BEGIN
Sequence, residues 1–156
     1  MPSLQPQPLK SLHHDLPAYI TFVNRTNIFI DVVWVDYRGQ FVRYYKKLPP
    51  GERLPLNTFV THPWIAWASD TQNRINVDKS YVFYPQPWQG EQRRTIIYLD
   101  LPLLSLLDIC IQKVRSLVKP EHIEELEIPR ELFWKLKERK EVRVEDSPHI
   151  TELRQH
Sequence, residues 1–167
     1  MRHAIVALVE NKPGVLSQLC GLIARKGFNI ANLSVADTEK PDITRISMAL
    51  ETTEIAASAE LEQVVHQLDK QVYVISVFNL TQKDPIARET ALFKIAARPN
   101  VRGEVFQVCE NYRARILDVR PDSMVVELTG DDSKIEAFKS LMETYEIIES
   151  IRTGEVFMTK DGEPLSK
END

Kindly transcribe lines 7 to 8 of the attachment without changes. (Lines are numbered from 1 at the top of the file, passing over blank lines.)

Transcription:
     1  MRHAIVALVE NKPGVLSQLC GLIARKGFNI ANLSVADTEK PDITRISMAL
    51  ETTEIAASAE LEQVVHQLDK QVYVISVFNL TQKDPIARET ALFKIAARPN